Okay. Here we go.
Most of these are no-brainers, except maybe a couple, which are, in fact, brainers.
#5. "Mr. Lucky"
I told you Mancini would be represented here.
A dazzling song, and a dazzling arrangement for a not so dazzling show.
The show was very watchable, and Ross Martin was wonderful on it, but they got
a guy to play Mr. Lucky whose only qualification for the role was that he looked
a helluva lot like Cary Grant.
He certainly didn't act like him.
The song had a far longer shelf-life than the show.
#4. "Open End. A/K/A "The David Susskind Show."
Whenever David Susskind produced anything, it absolutely reeked with class.
This was the case with the theme for "Open End"
It took me a while to track down the source for it's theme.
It turned out that its composer was Robert Farnon, who was considered the
Leroy Anderson of Canada. The theme can be found on a CD called "Canadian
Impressions". The theme itself is the first cut on the CD, called "Gateway
to the West" I thought it might have been from a movie that Susskind produced,
but I was mistaken. This was a brainer.
#3. "The Dick Powell Theater"
Probably the most exciting and innovative use of opening titles ever, using still
photo clips of action from the show, to the rhythm of the music.
Some of this music originated a few years earlier on "Richard Diamond, Private Detective",
also owned by Powell's company.
So at least some of it was already in the library.
But then the Powell theme swelled orchestrally into something magnificent,
and it was what was used for the closing credits.
#2. "Route 66"
It was a virtual toss-up for number 1 and number 2. "Route 66" was a great show,
and Nelson Riddle's theme for it was groundbreaking, inspiring, and made this very young New Yorker,
who had never left the Tri-State area, want to see what else was out there.
And it didn't have to be in a Corvette.
#1. "Playhouse 90"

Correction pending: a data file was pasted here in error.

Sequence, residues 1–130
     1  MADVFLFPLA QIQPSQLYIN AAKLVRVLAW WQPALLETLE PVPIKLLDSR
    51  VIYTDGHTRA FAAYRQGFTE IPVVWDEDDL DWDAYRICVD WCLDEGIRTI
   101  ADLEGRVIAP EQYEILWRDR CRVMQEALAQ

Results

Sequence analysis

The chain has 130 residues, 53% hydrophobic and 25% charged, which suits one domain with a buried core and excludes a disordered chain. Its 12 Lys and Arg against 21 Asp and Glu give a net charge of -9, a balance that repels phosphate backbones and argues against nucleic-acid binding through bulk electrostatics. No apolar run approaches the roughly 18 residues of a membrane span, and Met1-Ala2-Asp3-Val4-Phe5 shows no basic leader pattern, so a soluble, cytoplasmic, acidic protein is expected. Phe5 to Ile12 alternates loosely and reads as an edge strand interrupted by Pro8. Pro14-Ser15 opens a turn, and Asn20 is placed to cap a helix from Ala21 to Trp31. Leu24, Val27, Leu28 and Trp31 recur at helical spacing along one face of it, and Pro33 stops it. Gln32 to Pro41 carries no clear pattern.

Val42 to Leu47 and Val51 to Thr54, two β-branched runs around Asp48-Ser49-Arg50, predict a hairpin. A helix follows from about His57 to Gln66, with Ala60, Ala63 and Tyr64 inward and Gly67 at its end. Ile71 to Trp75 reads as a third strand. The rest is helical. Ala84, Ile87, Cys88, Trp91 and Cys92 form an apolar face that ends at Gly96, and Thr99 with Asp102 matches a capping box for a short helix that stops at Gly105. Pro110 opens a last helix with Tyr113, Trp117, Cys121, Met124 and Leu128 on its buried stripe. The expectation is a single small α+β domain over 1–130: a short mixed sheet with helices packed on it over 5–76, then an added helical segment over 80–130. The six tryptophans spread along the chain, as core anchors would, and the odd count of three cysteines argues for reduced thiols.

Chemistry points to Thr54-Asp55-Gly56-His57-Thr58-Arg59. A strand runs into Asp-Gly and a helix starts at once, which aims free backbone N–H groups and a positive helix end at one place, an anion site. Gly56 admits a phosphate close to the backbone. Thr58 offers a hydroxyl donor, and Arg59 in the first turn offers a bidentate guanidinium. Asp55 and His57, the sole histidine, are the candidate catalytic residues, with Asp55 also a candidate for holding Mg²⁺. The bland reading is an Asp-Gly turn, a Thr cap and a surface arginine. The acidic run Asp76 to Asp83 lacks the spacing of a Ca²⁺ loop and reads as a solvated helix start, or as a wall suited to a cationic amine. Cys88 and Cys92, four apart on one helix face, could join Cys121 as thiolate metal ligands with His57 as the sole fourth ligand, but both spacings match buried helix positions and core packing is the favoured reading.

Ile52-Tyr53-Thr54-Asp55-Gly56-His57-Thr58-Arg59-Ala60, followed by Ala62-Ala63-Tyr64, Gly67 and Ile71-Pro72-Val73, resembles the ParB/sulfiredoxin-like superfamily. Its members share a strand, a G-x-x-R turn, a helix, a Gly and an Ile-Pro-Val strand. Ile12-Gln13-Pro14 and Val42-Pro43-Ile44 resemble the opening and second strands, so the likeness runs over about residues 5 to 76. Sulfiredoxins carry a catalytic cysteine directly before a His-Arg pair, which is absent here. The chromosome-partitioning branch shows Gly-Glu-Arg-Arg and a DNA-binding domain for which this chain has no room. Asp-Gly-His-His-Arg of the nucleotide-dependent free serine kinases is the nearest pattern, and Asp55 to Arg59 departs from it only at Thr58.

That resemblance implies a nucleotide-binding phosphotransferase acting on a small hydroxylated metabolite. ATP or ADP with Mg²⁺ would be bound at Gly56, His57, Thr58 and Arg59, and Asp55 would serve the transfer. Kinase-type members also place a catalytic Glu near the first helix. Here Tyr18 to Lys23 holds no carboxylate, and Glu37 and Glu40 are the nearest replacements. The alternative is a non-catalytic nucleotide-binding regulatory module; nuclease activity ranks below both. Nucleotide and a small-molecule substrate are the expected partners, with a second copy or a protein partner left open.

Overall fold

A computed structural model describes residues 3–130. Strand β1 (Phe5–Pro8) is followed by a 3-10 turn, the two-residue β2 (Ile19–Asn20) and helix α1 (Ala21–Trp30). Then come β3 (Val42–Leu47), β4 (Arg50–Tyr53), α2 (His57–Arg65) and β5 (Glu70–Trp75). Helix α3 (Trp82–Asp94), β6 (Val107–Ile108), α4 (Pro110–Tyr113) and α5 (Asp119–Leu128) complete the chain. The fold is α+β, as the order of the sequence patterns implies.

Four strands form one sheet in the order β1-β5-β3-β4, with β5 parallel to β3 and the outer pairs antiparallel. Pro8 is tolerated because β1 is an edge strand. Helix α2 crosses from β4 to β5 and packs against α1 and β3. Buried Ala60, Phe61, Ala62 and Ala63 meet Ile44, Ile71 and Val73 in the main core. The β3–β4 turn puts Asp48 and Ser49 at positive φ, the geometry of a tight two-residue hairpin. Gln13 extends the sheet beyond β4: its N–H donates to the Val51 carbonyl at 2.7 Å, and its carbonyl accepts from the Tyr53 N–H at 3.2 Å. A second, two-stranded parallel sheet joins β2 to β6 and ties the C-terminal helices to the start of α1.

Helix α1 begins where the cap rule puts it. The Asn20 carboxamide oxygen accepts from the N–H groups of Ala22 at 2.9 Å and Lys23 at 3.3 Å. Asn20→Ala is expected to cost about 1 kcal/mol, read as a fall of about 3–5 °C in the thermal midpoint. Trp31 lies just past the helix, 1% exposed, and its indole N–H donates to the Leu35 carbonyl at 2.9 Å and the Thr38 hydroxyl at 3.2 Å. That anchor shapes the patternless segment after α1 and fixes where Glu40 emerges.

The song itself, the orchestration, the way it was used to present the show, and the composer, Alex North, were unmatched.
The release of the song, the middle part, was also astounding.
I really can't say enough about it.
So there you have it.
Now, you can all feel free to call me on the carpet for the ones you think I wrongfully left out.
I look forward to defending myself.
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You don't need a Kindle machine to download them.
Just get the free app from Kindle, and they can be downloaded to an IPhone, IPad, or Blackberry.
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I have many readings and signings remaining, and the thing about Kindle is you can't sign one.
If you'd like one, contact me at firstname.lastname@example.org.
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- mark rothman
- Hi. I am, according to my Wikipedia entry,(which I did not create) a noted television writer, playwright, screenwriter, and occasional actor. You can Google me or go to the IMDB to get my credits, and you can come here to get my opinions on things, which I'll try to express eloquently. Hopefully I'll succeed. You can also e-mail me at email@example.com. Perhaps my biggest claim to fame is being responsible, for about six months in 1975, while Head Writer for the "Happy Days" TV series, for Americans saying to each other "Sit on it."